Eating fish may benefit older adults at risk for dementia
(Reuters Health) - For older people, the brain-protecting benefits of eating fish outweigh any potential harms from mercury, according to a small U.S. brain study.
Researchers found that older adults who ate the most seafood did have higher brain levels of mercury, but didn't seem to suffer any ill effects from it. And if they also had a gene variant that raises risk for Alzheimer's disease, high fish intake seemed to lower their risk of developing the disease.
"We had a unique opportunity to look at seafood consumption and relate it to brain health," in a group of elderly people before and after death, said lead author Martha Clare Morris of Rush University Medical Center in Chicago.
"Seafood is touted for its many health benefits," Morris told Reuters Health. "A large number of studies have shown that it slows cognitive decline with aging and reduces risk of Alzheimer's disease and dementia."
But some older people worry that consuming fish with mercury will actually damage their brains, she said, so this study should allay those concerns.
The researchers used detailed data on a group of older people living in Chicago retirement homes or subsidized housing and participating in a memory and aging research project. During the study, which ran from 2004 to 2013, participants described their fish and seafood consumption among other foods, and after many of them died, their brains were autopsied for research purposes.
On average, participants died at around age 90, and they had answered the dietary questionnaires about four and a half years before death. Of the 544 participants who died by 2013, about half had brain autopsies and the new analysis is based on those results.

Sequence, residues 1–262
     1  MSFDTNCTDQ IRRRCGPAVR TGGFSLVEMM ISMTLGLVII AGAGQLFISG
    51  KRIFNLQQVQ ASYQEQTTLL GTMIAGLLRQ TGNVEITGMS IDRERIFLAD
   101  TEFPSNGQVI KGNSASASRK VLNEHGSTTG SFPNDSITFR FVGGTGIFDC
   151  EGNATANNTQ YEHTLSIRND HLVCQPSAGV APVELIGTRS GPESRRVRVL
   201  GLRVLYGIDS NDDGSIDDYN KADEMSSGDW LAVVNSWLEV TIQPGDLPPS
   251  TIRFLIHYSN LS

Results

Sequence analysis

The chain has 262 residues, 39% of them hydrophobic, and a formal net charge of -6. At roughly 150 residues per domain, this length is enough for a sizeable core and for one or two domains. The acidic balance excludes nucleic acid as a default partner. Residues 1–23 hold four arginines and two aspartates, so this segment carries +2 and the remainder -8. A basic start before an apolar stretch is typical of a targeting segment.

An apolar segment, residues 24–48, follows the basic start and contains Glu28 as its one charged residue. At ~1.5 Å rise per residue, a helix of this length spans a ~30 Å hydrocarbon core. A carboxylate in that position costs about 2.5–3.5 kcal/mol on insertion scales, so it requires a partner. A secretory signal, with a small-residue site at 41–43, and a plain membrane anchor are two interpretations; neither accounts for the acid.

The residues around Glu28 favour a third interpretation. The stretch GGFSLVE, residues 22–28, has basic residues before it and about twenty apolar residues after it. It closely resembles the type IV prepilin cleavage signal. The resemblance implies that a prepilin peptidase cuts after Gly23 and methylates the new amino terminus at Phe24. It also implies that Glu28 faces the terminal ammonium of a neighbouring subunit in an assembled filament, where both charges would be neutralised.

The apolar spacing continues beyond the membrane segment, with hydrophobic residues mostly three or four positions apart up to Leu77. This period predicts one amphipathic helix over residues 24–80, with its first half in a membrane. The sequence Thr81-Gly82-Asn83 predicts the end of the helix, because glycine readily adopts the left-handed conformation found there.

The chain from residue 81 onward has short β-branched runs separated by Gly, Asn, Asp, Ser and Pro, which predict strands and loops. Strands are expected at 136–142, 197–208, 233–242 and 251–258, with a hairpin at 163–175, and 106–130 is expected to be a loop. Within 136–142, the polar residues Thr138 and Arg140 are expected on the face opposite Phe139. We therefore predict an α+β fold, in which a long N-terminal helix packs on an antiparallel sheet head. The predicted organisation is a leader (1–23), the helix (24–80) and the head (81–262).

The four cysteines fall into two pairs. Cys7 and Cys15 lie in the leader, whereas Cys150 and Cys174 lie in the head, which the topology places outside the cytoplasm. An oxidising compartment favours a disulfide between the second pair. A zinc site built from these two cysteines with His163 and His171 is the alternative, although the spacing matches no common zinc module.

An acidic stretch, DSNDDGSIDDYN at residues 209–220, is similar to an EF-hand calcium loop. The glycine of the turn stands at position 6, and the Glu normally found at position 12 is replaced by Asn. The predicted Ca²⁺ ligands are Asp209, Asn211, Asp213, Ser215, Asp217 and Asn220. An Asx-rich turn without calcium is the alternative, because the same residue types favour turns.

Researchers found that as the number of seafood meals a person ate each week rose, so did the level of mercury detected in their brain on autopsy. But those who said they ate seafood one or more times a week also had less Alzheimer's-related brain pathology, such as plaques or neurofibrillary tangles, compared to those who ate little or no seafood.
Among people with the "e4" version of a gene known as apolipoprotein E (APOE), which is associated with heightened risk of developing Alzheimer's, the disease was less common for seafood eaters than for those who ate little or none. The results were similar when researchers looked at just omega-3 fatty acid levels in the diet, most of which come from certain types of oily fish.
However, taking fish oil supplements was not linked to any brain structure changes related to dementia, according to the results published in JAMA.
"The (beneficial) fish consumption levels were on average more than two seafood meals per week," which is not infrequent, but would be less than in some other areas like Alaska, Morris said.
She was not able to identify which specific types of seafood were most closely linked to reduced brain risk, she said.
At these moderate levels, though, the mercury associated with fish did not seem to do any harm.
"There is mercury toxicity that does affect the brain, but we do not have data on very high levels of seafood consumption," Morris said.
"There has been evidence that the mercury level in fish may limit its benefit for the development of the unborn child in pregnant women," said Edeltraut Kroger of Universite Laval in Quebec City, Canada, who coauthored an editorial alongside the new results. "Pregnant women or women considering pregnancy should limit their intake of fish which has higher levels of mercury."
The omega-3 fatty acids found in seafood, particularly fatty fish, are important for brain health, Morris said.
"Fish is the most important food source for the intake of omega-3 unsaturated fatty acids," Kroger agreed.
"These play an important role in brain cells and may protect against cardiovascular disease," Kroger said by email.
We need not be afraid of mercury in fish with regard to Alzheimer's disease, he said.
"Right now for Alzheimer's disease there are no effective treatments and no cure," Morris said. "Eating seafood may be one way to reduce your risk."
SOURCE: http://bit.ly/1JVPeoX and http://bit.ly/1PSGaTX JAMA, online February 2, 2016.
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